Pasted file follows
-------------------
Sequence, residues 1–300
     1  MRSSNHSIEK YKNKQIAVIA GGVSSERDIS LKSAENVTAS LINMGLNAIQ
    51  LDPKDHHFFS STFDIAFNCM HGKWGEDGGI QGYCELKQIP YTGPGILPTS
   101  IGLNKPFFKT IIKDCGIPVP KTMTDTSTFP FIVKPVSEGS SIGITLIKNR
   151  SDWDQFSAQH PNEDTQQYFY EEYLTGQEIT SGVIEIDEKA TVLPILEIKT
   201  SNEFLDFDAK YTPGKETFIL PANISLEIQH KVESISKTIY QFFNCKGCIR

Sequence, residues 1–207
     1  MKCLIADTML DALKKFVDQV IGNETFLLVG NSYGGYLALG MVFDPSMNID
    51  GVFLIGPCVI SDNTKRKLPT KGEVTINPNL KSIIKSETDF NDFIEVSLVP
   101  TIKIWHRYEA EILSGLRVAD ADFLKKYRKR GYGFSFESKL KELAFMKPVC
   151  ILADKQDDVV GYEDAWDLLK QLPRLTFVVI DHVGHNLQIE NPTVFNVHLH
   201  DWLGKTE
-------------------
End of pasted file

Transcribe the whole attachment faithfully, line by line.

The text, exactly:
Sequence, residues 1–300
     1  MRSSNHSIEK YKNKQIAVIA GGVSSERDIS LKSAENVTAS LINMGLNAIQ
    51  LDPKDHHFFS STFDIAFNCM HGKWGEDGGI QGYCELKQIP YTGPGILPTS
   101  IGLNKPFFKT IIKDCGIPVP KTMTDTSTFP FIVKPVSEGS SIGITLIKNR
   151  SDWDQFSAQH PNEDTQQYFY EEYLTGQEIT SGVIEIDEKA TVLPILEIKT
   201  SNEFLDFDAK YTPGKETFIL PANISLEIQH KVESISKTIY QFFNCKGCIR

Sequence, residues 1–207
     1  MKCLIADTML DALKKFVDQV IGNETFLLVG NSYGGYLALG MVFDPSMNID
    51  GVFLIGPCVI SDNTKRKLPT KGEVTINPNL KSIIKSETDF NDFIEVSLVP
   101  TIKIWHRYEA EILSGLRVAD ADFLKKYRKR GYGFSFESKL KELAFMKPVC
   151  ILADKQDDVV GYEDAWDLLK QLPRLTFVVI DHVGHNLQIE NPTVFNVHLH
   201  DWLGKTE